Holiday home and caravan owners who normally spend Easter in County Donegal have been told to stay at home.
Pleas have been made on both sides of the Irish border asking people not to travel.
It comes as An Garda Síochána (Irish police force) launched a major crackdown on the movement of people over the Easter weekend
There are about 10,000 holiday homes in Donegal, many owned by people from Northern Ireland.
Many of Donegal’s caravan parks have closed as part of current restrictions on public life in the Republic of Ireland.
Mayor of Derry and Strabane Michaela Boyle said anyone who is thinking of travelling across the border for the weekend should think again.
“Normally at this time people would be getting ready to move the family across the border,” she said.
“But these are extraordinary times and we are currently experiencing the most lethal public health emergency of our lifetime.”
Ms Boyle said how people act “will have a direct bearing on whether members of our families, of our communities will live or die.”
She added: “People need to act responsibly and make the right decisions over the next couple of days.”
The mayor said it should not surprise anyone to see an increase of police checkpoints in the coming days.
Gardaí (Irish police) have been granted new powers to enforce restrictions on movement over Easter and Commissioner Drew Harris said people should not be travelling to holiday homes.
A Garda (Irish police) spokesperson said: "We will liaise with our colleagues in the PSNI to deal with any issues that arise around cross border traffic, and would appeal to the public in Northern Ireland to fully comply with the regulations announced today.
Officers will be able to will be able to knock on the doors of holiday homes and caravans and instruct people to go home under new regulations signed into force on Tuesday.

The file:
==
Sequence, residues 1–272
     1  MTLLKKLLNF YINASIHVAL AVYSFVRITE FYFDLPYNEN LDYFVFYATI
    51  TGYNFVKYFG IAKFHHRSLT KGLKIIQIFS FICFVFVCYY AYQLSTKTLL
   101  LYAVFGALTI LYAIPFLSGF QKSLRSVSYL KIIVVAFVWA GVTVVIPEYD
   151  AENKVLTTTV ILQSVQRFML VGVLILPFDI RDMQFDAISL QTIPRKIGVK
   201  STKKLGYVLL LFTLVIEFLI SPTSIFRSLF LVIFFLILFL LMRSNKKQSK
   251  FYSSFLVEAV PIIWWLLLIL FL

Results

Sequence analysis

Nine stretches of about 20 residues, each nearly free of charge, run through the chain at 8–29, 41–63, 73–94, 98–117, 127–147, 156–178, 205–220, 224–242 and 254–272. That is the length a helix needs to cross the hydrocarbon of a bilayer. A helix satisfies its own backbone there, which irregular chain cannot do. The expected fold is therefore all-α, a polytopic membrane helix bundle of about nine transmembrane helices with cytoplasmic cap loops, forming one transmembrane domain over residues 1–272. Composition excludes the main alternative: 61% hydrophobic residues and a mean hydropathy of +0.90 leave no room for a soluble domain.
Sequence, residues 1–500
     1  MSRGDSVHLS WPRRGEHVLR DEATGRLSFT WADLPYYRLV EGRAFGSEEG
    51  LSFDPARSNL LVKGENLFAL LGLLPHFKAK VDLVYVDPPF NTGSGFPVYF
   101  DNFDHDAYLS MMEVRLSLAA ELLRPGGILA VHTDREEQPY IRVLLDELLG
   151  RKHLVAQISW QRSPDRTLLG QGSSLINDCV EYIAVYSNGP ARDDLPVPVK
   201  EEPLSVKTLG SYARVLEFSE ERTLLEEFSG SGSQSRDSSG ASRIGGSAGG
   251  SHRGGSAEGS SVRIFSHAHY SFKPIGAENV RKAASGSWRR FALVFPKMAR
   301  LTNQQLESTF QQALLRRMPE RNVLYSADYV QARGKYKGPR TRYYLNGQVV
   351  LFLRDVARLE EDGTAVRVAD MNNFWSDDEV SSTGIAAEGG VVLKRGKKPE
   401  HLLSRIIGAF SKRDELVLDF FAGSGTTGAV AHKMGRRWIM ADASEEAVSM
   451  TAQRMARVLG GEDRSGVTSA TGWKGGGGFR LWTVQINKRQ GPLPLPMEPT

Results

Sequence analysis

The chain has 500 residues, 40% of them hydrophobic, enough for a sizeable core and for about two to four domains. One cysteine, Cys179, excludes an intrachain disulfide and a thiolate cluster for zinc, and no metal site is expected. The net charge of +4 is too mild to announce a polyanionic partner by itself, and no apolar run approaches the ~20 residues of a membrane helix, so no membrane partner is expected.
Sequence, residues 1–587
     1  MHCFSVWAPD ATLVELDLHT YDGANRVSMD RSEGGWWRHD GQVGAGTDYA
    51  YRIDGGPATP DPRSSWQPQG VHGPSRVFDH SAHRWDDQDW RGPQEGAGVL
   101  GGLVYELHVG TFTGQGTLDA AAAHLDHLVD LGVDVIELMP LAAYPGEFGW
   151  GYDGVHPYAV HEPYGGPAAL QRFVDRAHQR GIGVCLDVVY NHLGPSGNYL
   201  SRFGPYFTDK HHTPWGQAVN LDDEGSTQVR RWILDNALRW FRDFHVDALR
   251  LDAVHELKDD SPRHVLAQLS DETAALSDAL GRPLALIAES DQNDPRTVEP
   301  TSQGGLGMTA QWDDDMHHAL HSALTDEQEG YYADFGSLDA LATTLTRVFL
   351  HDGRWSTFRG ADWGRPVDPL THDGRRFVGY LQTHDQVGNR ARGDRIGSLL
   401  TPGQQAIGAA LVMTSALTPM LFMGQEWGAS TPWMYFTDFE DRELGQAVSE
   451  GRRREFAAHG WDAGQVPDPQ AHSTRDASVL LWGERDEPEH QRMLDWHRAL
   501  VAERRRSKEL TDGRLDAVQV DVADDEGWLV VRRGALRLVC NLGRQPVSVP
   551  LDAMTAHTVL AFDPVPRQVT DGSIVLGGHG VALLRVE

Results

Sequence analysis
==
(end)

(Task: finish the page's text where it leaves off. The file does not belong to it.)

About 50 checkpoints will be set up on roads to discourage people from travelling.
Penalties for those not complying include a six month prison sentence and fines up to €2,500 (£2,200).
'Do what is asked'
Independent Donegal councillor Micheál Cholm Mac Giolla Easbuig told BBC Radio Foyle’s Mark Patterson Show he was aware people have already travelled to holiday homes.
“That is not acceptable,” he said
“Right now we have to abide by what is being asked of us.
“Please don’t come to your second home. We want you to come when it is over and we will open our arms to you, but right now people need to stay in their own homes.”T
Towards the end of March, people were urged to stay in their homes until 12 April unless they needed to buy food, medicine or attend medical appointments.
They were told they could go out for exercise, along as they stayed within 2km (1.2 miles) of their home.
Exceptions have been made for a list of essential workers and those provide care for vulnerable people.
On Tuesday Health Minister Simon Harris signed regulations which will enable officers to enforce the rules.